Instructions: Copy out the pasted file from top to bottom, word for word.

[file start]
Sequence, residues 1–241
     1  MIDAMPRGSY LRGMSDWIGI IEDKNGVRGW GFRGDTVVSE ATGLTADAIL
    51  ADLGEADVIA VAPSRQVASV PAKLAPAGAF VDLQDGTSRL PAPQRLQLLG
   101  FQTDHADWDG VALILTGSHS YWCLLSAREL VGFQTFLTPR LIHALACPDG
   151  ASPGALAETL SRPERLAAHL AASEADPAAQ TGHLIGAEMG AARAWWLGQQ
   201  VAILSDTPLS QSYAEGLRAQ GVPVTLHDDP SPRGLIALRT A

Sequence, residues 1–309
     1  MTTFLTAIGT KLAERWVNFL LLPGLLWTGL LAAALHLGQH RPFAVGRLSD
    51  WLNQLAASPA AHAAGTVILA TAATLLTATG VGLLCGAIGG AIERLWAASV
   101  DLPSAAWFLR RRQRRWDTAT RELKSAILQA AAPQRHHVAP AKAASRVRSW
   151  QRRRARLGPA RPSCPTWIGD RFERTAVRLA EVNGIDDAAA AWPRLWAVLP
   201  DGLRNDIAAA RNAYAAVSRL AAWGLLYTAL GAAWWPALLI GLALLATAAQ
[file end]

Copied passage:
Sequence, residues 1–241
     1  MIDAMPRGSY LRGMSDWIGI IEDKNGVRGW GFRGDTVVSE ATGLTADAIL
    51  ADLGEADVIA VAPSRQVASV PAKLAPAGAF VDLQDGTSRL PAPQRLQLLG
   101  FQTDHADWDG VALILTGSHS YWCLLSAREL VGFQTFLTPR LIHALACPDG
   151  ASPGALAETL SRPERLAAHL AASEADPAAQ TGHLIGAEMG AARAWWLGQQ
   201  VAILSDTPLS QSYAEGLRAQ GVPVTLHDDP SPRGLIALRT A

Sequence, residues 1–309
     1  MTTFLTAIGT KLAERWVNFL LLPGLLWTGL LAAALHLGQH RPFAVGRLSD
    51  WLNQLAASPA AHAAGTVILA TAATLLTATG VGLLCGAIGG AIERLWAASV
   101  DLPSAAWFLR RRQRRWDTAT RELKSAILQA AAPQRHHVAP AKAASRVRSW
   151  QRRRARLGPA RPSCPTWIGD RFERTAVRLA EVNGIDDAAA AWPRLWAVLP
   201  DGLRNDIAAA RNAYAAVSRL AAWGLLYTAL GAAWWPALLI GLALLATAAQ